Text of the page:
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Tomorrow Today: The Science Magazine

DW’s science program Tomorrow Today focuses on current topics in research, and is aimed at anyone who is interested in ongoing projects in Germany and Europe. Our reports use terms and concepts that are easily understood, portrayed in interesting ways,

Published: Sat, 16 Dec 2017 01:42:34 GMT

Last Build Date: Sat, 16 Dec 2017 01:42:34 GMT

Copyright: 2017 DW.COM, Deutsche Welle

Research without borders

Fri, 17 Nov 2017 12:10:00 GMT

Maria Soloveychik from Israel and Charly Chahwan from Lebanon have founded a bio-tech company in California. They're developing drugs to combat cancer and other genetically caused diseases. The joint venture would be impossible in their homelands.

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Accelerating particles for peace

Fri, 17 Nov 2017 12:07:00 GMT

The SESAME research center's particle accelerator in Jordan is aimed at strengthening scientific research in the Middle East. It's hoped it will also boost peace efforts. What are the chances of that?

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The extraordinary naked mole rat

Fri, 10 Nov 2017 10:14:00 GMT

An animal that barely reacts to pain is bound to attract scientific attention. But the rodent also has other puzzling attributes. For example, the creature's brain and heart can function without oxygen for a long time.

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Germany's wood detectives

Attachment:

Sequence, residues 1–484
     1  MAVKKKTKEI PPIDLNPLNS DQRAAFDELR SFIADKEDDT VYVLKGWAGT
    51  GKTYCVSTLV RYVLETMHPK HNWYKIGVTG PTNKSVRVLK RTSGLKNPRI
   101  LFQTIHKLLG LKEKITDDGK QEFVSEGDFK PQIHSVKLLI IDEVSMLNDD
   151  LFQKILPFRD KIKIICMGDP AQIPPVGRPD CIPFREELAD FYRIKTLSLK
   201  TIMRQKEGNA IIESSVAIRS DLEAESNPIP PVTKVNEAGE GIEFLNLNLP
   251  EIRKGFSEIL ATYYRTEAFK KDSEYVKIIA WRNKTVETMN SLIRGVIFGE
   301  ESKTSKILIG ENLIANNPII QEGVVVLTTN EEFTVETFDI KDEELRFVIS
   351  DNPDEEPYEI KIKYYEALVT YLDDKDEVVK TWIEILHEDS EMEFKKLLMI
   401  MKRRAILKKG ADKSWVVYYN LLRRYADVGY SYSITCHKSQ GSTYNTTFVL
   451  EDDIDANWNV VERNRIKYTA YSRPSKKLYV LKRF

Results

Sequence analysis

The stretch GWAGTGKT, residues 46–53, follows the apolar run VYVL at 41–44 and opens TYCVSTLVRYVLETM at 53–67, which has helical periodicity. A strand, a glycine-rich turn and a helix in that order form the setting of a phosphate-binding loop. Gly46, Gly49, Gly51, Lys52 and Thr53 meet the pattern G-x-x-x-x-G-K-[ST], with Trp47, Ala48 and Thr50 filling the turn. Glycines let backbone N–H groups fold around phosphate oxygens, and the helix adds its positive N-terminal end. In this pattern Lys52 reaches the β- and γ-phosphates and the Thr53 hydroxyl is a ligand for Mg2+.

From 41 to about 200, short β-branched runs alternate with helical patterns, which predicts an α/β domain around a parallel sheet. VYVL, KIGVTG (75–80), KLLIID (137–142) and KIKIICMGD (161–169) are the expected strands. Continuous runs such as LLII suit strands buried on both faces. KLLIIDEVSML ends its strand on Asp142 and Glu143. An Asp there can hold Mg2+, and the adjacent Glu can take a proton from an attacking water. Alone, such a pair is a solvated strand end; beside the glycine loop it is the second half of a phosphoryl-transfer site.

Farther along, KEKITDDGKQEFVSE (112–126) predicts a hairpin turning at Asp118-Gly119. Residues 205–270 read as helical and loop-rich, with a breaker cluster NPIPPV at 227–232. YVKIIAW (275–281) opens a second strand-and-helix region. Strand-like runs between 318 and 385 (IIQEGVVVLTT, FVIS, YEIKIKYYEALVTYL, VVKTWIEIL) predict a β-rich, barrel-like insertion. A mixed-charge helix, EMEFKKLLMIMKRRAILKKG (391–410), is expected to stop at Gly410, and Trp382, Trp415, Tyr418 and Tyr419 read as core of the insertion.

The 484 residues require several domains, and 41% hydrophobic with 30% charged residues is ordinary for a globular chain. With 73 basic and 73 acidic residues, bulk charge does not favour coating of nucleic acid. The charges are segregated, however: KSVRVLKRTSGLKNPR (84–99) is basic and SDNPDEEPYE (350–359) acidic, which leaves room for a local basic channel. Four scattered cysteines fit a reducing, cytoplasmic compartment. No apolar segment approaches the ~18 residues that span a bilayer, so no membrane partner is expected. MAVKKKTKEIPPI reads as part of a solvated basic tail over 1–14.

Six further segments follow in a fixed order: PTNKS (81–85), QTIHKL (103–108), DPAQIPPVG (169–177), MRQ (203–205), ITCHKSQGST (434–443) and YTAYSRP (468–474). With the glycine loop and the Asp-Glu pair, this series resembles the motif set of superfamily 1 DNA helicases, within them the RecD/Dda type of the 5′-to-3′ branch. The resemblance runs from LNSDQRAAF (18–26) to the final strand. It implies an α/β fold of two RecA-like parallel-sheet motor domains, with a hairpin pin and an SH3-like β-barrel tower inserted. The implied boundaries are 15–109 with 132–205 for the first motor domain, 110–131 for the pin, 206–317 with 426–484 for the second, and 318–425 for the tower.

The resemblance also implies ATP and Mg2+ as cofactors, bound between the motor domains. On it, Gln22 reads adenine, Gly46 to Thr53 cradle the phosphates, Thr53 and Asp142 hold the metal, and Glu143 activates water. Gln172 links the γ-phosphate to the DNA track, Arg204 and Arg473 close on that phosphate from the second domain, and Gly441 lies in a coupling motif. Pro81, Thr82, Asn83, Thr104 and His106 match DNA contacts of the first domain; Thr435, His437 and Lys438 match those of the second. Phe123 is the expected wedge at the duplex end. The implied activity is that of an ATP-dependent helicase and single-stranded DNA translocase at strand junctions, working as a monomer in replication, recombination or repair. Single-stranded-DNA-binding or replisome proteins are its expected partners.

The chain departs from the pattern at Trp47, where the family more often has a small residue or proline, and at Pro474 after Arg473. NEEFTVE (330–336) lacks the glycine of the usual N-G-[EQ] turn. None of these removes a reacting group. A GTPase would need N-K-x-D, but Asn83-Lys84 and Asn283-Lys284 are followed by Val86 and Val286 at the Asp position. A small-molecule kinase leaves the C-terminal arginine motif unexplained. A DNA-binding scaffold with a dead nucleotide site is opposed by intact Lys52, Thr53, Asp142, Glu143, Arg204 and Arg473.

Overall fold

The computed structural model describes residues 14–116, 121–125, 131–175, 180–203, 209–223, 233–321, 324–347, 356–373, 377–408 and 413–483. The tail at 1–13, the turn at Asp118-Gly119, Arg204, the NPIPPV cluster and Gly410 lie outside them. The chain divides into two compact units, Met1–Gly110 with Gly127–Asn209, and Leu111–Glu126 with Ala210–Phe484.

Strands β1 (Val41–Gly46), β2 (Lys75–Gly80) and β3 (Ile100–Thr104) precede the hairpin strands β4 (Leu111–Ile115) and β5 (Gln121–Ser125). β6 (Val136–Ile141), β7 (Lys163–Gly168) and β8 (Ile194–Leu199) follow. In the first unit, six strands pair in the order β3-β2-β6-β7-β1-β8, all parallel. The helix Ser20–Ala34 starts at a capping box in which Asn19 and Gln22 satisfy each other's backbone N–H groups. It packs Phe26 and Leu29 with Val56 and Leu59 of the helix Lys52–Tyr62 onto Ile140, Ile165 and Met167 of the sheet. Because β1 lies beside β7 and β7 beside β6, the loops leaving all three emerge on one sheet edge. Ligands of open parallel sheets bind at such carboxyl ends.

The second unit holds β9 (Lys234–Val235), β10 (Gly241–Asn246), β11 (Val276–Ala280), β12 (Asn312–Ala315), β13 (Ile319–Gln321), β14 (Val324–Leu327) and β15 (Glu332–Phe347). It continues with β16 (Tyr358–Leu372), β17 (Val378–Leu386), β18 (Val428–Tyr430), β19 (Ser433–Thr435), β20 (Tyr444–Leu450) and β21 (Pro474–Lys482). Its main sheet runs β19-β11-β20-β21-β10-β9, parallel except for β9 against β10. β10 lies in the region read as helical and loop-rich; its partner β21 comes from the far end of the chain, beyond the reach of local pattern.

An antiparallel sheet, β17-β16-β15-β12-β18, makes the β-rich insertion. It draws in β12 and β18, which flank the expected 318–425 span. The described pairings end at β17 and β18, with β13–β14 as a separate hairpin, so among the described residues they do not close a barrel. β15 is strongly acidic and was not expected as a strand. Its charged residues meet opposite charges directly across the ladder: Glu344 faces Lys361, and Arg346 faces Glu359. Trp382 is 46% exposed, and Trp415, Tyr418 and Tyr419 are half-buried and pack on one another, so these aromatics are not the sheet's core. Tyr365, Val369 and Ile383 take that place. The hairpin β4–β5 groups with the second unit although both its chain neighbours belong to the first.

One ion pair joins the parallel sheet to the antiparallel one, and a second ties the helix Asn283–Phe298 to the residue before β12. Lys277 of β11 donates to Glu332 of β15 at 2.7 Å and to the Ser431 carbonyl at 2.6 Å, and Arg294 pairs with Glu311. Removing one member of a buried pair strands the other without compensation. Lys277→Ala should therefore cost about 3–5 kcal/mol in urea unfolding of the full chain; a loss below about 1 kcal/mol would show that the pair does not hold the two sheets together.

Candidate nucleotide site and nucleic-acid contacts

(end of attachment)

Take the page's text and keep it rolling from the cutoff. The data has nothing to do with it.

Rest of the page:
Fri, 29 Sep 2017 09:27:00 GMT

How can you tell if mahogany is really mahogany? And can you really know whether the wood in your table wasn't illegally felled? Germany's wood detectives are on the case with DNA analysis.

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Flight of the fruit bat to Zambia

Fri, 8 Sep 2017 16:58:00 GMT

It's the world's largest migration of mammals: every year 10 million fruit bats fly from Congo and elsewhere to a forest in Zambia's Kasanka National Park. It's a breathtaking spectacle. But the bats’ habitat is under threat.

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Pain relief from the sea

Fri, 21 Jul 2017 17:48:00 GMT

Many people suffer from pain so severe that even strong pain medication fails to provide relief. An unsual discovery may offer a solution: sea snail venom.

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The future for oceans

Mon, 3 Jul 2017 10:46:00 GMT

Marine researchers in Kiel are studying how climate change could affect the sea. In huge testing tanks, they’re simulating possible future scenarios. Their results show that if oceans grow too acidic, it will spell the end for many organisms.

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Seeing the light

Fri, 23 Jun 2017 08:19:00 GMT

Sunlight and blue skies have a positive effect on the psyche. Researchers are investigating ways to use light to boost concentration and creativity in the workplace.

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Brexit and science

Fri, 16 Jun 2017 08:58:00 GMT

What effect will Brexit have on science in Britain? The university town of Coventry has many European students and the university receives research funding from the EU. The city voted for Brexit. How are students and scientists dealing with that?

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